Ralph Miliband’s 1977 Marxism and Politics is dedicated to his sons David and Edward – both of whom now stand an excellent chance of winning the Labour leadership contest.
What did they have for breakfast in that household?
Scriptwriters who write the inevitable docudrama about how a left-wing historian raised these Premier League politicians will try to recreate the dinnertime conversations.
It is fascinating that his offspring did not follow in the master theoretician’s footsteps but instead jumped headlong into the political arena.
Each brother could have thrived in academia. David followed his time at Oxford with a spell at MIT, while Ed took a break from politics to go to Harvard.
Democratic politics is a rough business defined by fierce competition and constant insecurity, and contrasts with the comparative coziness of a tenured academic life.
But the Miliband home was a place where the cocktail of confidence, ambition and sense of purpose was stirred.
Similarly, the celebrated London-based Renaissance scholar Evelyn Welch did not coax her daughter into the academy. Instead, Florence Welch picked up a microphone and fused art and pop music in her own blaze of creativity with the 2009 album Lungs.
The Milibands’ father’s writing documents a world in which Marxism was a vital political force and theorists argued over whether reform or revolution was the best course.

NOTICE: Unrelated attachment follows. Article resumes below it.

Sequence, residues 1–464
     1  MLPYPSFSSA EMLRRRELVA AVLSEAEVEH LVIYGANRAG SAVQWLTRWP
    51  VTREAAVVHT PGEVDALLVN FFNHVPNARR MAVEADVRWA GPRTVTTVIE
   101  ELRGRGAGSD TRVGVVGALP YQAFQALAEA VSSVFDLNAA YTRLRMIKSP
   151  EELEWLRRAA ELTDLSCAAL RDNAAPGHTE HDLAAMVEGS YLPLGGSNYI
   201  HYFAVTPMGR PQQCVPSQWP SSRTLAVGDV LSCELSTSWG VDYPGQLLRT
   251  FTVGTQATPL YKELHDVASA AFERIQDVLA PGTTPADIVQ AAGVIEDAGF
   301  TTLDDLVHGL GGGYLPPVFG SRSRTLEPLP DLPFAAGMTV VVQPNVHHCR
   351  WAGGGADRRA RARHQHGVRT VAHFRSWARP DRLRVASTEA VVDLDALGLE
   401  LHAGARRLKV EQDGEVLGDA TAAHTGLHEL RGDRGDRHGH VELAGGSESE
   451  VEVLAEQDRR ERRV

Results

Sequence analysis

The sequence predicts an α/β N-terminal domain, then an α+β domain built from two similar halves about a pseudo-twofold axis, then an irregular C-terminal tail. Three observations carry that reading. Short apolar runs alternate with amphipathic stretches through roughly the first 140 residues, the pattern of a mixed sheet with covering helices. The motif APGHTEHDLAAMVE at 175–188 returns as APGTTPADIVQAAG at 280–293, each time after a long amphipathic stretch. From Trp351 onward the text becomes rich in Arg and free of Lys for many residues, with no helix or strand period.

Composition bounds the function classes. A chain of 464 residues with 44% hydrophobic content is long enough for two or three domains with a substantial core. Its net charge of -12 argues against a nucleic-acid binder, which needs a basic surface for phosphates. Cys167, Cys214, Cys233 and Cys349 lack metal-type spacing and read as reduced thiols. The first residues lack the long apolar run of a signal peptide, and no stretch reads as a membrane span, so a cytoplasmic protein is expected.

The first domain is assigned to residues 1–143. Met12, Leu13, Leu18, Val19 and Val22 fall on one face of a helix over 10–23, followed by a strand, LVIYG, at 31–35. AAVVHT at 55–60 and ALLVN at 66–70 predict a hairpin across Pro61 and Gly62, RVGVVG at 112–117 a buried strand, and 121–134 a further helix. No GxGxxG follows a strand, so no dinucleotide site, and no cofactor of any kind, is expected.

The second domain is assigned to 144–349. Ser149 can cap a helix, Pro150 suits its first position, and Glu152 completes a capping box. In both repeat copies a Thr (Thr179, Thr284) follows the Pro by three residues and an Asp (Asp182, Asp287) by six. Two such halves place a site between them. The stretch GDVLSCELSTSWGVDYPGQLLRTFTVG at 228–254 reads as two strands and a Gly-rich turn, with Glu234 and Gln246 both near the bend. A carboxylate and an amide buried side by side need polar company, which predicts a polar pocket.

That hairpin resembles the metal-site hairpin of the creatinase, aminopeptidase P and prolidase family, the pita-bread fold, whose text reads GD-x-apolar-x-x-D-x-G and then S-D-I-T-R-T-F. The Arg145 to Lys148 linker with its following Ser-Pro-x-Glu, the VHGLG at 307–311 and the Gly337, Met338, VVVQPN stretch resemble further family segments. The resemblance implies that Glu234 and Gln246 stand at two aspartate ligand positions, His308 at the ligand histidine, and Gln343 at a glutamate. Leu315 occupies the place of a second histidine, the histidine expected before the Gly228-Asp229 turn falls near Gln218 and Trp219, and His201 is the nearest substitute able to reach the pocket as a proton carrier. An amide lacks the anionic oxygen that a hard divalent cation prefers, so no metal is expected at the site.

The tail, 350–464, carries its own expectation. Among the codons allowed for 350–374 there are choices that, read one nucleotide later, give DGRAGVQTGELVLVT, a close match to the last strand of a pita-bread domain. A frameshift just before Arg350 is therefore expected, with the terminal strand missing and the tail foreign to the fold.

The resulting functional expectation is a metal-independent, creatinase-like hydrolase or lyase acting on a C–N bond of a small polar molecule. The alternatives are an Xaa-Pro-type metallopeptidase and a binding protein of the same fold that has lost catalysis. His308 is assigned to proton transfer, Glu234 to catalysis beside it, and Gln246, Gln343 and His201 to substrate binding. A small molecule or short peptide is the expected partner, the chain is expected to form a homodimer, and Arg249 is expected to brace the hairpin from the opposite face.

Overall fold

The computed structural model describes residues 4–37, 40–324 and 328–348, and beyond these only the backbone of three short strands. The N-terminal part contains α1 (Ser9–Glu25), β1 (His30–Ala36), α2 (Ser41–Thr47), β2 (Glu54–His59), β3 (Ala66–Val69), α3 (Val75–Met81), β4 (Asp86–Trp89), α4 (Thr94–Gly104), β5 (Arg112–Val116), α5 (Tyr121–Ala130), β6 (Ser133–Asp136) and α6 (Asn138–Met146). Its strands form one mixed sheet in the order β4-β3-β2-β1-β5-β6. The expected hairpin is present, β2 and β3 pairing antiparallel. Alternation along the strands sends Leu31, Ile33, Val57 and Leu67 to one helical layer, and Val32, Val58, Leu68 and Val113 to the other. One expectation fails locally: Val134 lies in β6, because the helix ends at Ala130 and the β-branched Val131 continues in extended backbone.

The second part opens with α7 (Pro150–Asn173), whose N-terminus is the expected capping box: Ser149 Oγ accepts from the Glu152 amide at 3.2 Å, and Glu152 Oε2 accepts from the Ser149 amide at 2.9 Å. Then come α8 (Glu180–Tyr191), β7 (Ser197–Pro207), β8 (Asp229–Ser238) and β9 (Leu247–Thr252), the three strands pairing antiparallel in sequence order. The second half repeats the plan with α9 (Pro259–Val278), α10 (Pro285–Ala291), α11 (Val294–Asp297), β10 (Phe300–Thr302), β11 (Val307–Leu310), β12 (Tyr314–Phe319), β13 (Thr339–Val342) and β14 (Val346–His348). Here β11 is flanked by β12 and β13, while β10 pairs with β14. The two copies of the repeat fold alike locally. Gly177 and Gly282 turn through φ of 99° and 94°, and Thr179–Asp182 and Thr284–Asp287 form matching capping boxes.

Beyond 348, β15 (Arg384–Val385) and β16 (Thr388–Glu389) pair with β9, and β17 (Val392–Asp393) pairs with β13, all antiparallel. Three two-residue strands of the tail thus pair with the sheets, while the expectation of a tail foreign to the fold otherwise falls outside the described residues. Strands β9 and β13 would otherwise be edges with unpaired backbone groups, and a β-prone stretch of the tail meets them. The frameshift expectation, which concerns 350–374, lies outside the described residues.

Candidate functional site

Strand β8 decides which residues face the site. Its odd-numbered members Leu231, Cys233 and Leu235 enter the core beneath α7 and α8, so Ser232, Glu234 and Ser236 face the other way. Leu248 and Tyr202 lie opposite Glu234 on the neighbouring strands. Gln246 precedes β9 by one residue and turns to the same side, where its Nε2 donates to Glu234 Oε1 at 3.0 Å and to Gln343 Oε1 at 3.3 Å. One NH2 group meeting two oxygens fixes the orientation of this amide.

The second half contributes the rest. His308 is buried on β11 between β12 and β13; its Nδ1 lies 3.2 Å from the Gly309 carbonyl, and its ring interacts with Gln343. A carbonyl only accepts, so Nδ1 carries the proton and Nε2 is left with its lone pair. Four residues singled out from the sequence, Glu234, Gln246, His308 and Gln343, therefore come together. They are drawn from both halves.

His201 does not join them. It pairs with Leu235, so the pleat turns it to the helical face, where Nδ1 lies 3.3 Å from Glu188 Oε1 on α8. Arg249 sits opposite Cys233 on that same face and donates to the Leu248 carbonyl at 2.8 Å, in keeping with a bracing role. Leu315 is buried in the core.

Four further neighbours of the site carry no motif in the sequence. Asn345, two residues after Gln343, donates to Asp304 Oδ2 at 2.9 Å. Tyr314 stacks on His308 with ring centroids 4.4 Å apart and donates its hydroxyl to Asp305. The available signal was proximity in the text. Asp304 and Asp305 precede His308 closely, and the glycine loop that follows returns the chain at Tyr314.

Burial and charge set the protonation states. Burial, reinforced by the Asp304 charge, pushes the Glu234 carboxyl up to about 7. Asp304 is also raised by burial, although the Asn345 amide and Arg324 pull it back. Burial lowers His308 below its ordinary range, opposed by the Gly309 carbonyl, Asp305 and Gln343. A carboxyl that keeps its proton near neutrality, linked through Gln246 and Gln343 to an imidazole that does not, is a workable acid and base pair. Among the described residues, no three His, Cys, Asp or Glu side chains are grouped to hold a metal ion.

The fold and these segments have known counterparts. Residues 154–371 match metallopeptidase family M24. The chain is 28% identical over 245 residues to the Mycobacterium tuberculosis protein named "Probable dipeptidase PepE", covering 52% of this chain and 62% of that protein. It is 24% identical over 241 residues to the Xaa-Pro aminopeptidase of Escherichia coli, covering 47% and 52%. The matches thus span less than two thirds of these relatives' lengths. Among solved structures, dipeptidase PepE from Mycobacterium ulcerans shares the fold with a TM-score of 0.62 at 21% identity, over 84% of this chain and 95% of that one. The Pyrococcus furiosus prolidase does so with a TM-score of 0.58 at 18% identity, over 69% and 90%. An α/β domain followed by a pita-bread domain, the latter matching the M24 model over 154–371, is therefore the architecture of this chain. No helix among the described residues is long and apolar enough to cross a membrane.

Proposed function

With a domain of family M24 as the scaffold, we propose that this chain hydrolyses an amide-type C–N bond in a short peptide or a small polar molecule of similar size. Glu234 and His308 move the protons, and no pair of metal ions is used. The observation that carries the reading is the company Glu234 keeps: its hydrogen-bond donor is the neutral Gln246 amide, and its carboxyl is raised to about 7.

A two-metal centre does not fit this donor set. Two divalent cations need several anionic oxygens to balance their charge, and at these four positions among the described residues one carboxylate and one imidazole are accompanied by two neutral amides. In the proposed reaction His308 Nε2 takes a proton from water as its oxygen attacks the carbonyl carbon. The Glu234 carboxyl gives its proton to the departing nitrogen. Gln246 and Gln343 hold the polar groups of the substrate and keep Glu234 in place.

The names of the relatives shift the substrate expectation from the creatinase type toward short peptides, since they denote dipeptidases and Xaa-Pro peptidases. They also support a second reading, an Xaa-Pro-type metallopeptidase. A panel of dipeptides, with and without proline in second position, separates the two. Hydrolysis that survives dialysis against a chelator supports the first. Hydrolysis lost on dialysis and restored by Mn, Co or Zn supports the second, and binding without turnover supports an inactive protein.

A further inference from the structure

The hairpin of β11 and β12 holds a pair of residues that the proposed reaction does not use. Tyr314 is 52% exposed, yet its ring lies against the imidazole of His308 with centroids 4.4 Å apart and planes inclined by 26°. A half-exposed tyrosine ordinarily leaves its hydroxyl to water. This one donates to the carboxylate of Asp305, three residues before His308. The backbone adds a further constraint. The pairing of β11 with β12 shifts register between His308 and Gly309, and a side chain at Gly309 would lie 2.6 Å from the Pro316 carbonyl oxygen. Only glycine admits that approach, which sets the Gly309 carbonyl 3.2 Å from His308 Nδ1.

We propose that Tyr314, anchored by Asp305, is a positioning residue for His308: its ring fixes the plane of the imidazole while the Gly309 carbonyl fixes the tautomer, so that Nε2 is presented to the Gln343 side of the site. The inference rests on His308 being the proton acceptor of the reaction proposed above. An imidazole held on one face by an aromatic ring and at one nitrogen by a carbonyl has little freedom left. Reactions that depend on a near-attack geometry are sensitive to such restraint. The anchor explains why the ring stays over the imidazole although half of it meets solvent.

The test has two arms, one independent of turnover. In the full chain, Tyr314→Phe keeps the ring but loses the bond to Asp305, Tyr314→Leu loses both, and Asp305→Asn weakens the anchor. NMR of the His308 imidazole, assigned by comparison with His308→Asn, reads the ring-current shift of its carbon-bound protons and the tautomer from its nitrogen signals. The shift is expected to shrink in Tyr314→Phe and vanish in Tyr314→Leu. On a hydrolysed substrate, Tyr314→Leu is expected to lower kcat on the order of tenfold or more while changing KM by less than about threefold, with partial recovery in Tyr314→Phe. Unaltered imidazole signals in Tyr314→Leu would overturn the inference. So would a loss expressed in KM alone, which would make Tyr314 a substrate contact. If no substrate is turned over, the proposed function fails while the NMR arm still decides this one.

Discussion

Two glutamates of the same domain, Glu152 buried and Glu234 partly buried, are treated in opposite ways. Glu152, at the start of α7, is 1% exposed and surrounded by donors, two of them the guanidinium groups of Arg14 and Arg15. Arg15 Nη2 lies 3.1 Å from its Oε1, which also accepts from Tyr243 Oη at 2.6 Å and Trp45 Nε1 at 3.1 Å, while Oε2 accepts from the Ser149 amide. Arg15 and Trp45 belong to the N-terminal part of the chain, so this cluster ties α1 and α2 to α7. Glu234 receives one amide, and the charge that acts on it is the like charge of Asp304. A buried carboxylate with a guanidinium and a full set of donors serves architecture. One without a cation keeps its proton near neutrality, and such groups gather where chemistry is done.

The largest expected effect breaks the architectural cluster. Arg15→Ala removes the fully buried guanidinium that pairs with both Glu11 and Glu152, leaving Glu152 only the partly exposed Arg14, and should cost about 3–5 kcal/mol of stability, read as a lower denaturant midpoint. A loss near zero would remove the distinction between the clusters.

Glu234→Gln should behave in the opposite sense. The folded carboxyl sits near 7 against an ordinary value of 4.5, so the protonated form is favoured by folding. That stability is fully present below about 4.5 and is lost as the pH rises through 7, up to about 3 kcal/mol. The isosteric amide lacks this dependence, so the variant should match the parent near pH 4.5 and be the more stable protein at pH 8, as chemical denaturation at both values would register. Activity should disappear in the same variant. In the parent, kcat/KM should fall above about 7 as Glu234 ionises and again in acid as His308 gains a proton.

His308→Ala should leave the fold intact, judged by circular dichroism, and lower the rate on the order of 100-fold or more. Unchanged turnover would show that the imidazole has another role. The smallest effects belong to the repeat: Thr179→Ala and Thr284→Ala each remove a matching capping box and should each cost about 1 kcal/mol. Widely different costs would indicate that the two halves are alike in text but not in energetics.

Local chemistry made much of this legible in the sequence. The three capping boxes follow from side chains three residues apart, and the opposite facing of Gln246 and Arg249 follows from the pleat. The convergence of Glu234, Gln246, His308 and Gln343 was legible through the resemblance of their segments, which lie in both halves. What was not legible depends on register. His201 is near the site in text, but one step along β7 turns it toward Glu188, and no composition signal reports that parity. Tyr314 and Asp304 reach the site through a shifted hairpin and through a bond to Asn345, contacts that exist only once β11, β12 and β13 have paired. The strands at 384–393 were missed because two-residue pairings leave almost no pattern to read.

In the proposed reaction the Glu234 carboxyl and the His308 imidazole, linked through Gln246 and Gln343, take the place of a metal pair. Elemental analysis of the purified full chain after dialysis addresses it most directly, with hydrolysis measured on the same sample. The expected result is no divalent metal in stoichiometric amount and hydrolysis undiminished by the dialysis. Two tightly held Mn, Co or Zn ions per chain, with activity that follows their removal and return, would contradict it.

His sons are no doubt deeply proud of their father but they do not seem diehard disciples.
Each was a central figure in the modernisation of the Labour party; David was Tony Blair’s head of policy and Ed was a special advisor to Gordon Brown. Their work helped bring the bourgeoisie of Middle England into the party of the red flag.
But what they have taken from their father is a belief that rather than sitting back and watching the narrative unfold it is possible to influence the shape of the story.
A similar brand of lightning crackled around the home of Lancashire cricketer Neville Neville, whose sons Gary and Phil are two of the outstanding footballers of their generation – and whose daughter Tracey set the world of netball alight.
In a way, this is a more remarkable achievement of fatherhood than raising his own cricket team. Rather than imparting the skills of a particular sport, he has passed on the personal qualities of determination and discipline.
Great parents do not try and duplicate their careers in their children or push them to pursue their own unfilled ambitions. But they can give them the belief that in a world of six billion-plus people they have the chance to make an extraordinary contribution.
If UK politics, pop culture and sport seem underwhelming, perhaps the solution is not to bemoan the ineptitude of today’s managerial class but to raise some kids and suggest they should have a go at doing better.
A Thursday column
You might enjoy this football chant to the tune of David Bowie's Rebel Rebel:
Neville Neville, they're in defence
Neville Neville, their future's immense
Neville Neville, they ain't half bad
Neville Neville, the name of their dad
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